With the Radeon HD 6950 and 6970 uncovered and out in the open it became apparent that the Radeon HD 6950 is bit of a weird product to position. Basically its in its own class and segment.

Tagged with a price tag of roughly 269 EUR however this card could be a fantastic sweet spot for those that would like to pursue the CrossfireX way . See with two Cayman PRO GPUs on board you effectively can double up everything without being extremely CPU limited. Each Radeon HD 6950 graphics card has 1408 Shader Processors on-board, so for less than 550 EUR you could get a graphics solution with 2816 shader processors and two times 2 GB graphics memory partitions.

The theory is daunting and the concept interesting. Today's article will not only show you the CrossfireX performance of these two cards, but also will roughly reveal what AMDs to be released product under codename "Antilles" will bring to the market in terms of performance. Antilles will replace the Radeon HD 5970, a dual-GPU solutions merged into one graphics card.

And we have to tell you, where we are a little puzzled about the Radeon HD 6950 all by itself, but in CrossfireX this solutions seems to kick ass massively.

Joining us today in this article is a R6950 board from Gigabyte, this is a reference board with a Gigabyte sticker really. Since we do not continuously want to report about reference performance we decided to get the Gigabyte board as leading card in this review. So on the next page we'll chat a little about multi-GPU setups, we'll walk through the Gigabyte bundle and then head on over to check out variables like power consumptions, heat, noise and of course all game tests ... the results will not disappoint, no Sir.

R6950 Twin Frozr II OC review

 Radeon HD 6950. A series (6900) that has been received with somewhat mixed feelings. Everybody expected the overall performance to be a notch higher. Then again armed and tagged with the right price these boards can kick ass for sure and certainly you can play all your games in high monitor resolutions with exemplary quality settings.

MSI is addressing the product as well with several models. One of the ... well, quirks is bit a big word, but the slight negative of the R6950 was its huge size and the huge cooler. As such MSI went back to the drawing board and redesigned the PCB, armed it with quality components and decided that they would need to slap a nice cooler on there. As such we see the model as tested today, running slightly above reference specification yet with the latest twin Frozr II cooler mounted on top of it.

The end result is a nice performing product that remains quite silent yet keeps cooling performance well under control as the load temperature of the R6950 now drops back to roughly 60 Degrees C, and that is interesting especially when you are tweaking and overclocking. As this article will show you, we'll bring the card quite close to a full GHz clock frequency, and that my friends means added value on what seems to be a very interesting product.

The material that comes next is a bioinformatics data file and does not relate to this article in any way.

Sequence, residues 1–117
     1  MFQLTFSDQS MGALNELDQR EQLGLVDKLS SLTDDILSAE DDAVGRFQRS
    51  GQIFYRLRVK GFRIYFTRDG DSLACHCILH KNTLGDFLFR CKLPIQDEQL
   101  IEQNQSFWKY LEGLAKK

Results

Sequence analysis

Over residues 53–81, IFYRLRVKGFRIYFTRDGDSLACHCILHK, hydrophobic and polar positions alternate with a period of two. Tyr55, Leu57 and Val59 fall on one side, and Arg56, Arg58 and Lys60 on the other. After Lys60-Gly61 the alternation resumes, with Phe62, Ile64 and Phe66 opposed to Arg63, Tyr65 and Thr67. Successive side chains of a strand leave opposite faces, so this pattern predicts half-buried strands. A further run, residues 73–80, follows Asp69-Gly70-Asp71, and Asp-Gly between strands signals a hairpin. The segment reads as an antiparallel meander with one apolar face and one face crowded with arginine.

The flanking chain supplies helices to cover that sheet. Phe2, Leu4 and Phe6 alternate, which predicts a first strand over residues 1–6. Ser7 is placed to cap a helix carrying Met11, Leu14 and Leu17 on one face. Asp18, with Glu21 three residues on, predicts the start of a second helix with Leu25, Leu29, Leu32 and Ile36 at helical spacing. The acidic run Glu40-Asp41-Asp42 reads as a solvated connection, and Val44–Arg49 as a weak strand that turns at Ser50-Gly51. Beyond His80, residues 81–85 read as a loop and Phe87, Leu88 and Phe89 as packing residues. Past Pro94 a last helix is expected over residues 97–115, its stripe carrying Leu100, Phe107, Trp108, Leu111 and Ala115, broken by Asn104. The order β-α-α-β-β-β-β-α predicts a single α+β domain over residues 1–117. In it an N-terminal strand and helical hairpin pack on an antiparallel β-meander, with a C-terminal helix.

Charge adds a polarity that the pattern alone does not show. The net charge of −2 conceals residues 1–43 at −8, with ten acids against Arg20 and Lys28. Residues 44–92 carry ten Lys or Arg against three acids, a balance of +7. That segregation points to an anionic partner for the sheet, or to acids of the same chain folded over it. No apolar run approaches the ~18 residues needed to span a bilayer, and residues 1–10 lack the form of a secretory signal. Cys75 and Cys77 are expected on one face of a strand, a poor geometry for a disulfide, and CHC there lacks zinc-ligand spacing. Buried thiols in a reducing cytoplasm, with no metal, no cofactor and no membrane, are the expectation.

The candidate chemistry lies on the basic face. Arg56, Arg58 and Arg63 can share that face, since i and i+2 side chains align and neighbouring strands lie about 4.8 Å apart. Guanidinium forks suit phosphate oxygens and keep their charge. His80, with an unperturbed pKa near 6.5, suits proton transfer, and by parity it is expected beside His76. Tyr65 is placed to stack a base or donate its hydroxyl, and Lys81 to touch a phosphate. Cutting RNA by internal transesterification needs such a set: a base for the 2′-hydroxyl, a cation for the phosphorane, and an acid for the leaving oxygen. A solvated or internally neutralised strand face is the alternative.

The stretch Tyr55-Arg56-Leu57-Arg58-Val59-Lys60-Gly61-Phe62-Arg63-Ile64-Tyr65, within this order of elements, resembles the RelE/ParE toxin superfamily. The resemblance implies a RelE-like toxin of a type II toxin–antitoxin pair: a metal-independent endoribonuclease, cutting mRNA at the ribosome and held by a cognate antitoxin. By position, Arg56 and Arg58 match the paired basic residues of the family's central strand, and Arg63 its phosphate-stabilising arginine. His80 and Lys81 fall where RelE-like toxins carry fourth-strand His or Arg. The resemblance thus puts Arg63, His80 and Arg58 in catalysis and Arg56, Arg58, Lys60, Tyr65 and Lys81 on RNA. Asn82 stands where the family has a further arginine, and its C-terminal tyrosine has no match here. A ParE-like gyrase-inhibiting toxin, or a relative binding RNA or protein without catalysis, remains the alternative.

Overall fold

Radeon HD 6950 1GB vs GeForce GTX 560 Ti review

When the GeForce GTX 560 Ti was released shortly ago, one things was clear - the price versus performance ratio would be great. Especially with the extensive factory overclocked models in mind, these cards perform really well.

Initially the 560 Ti was targeted solely against the Radeon HD 6870, but the one thing that became clear real fast was that the slightly more powerful Radeon HD 6950 was not far away from the GTX 560 Ti at all performance wise. So a couple of weeks ago AMD decided to sort of 'ambush' NVIDIA, by releasing a 1 GB version of the Radeon HD 6950, a product with the very same features and specifications as it's big brother, the 2 GB version was priced way below what we all expected it to be.

The strategy here is, and pardon my French here, AMD wanted to cock-block NVIDIA both performance and value wise. Therefore it is with little surprise to find out that AMD is inserting the 1 GB Radeon HD 6950 SKU for only 229 EUR.

And in US dollars AMD’s partners are introducing the AMD Radeon HD 6950 1GB variant, bringing all the capabilities of the AMD Radeon HD 6900 Series to new price points. Between $200-$300 end users can choose from:

  • Radeon HD 6870 1GB: drops from $239 to $219
  • Radeon HD 6950 1GB: introduced for $259
  • Radeon HD 6950 2GB: drops from $299 to $269

But bare in mind, new SKUs of the AMD Radeon HD 6950 1GB will be available beginning mid-February, but as you can understand it is yet another interesting development from AMD as the sheer horsepower you can purchase these days under the 300 USD bracket ... is truly amazing.

In this review we are not going in depth on architecture, you can read that in our reference reviews. This is more a quick comparison in-between the two cards. Please understand that the R6950 1GB is identical to the 2GB version specs wise, except that memory partition of course.

First off, we'll dive into a photo-shoot showing both cards, and comparing them a little. We'll address power consumption, heat and noise levels and then put both cards to the test.

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Posted by ralfowen

Aaah, it's Monday morning, 9AM - with a cup of coffee in my right hand staring at the monitor, looking outside through the office window where there is a clear blue sky and the sun is shining. Sitting 3 meters away from me is "Diablo" our primary mean graphics benchmarking machine, sitting in it, is this red little devil armed by two GPUs and a lot of features. Heck yeah, last week the Radeon HD 6990 arrived here in the office, and is sitting like two buns in an oven waiting to be consumed. It's gonna be a good day.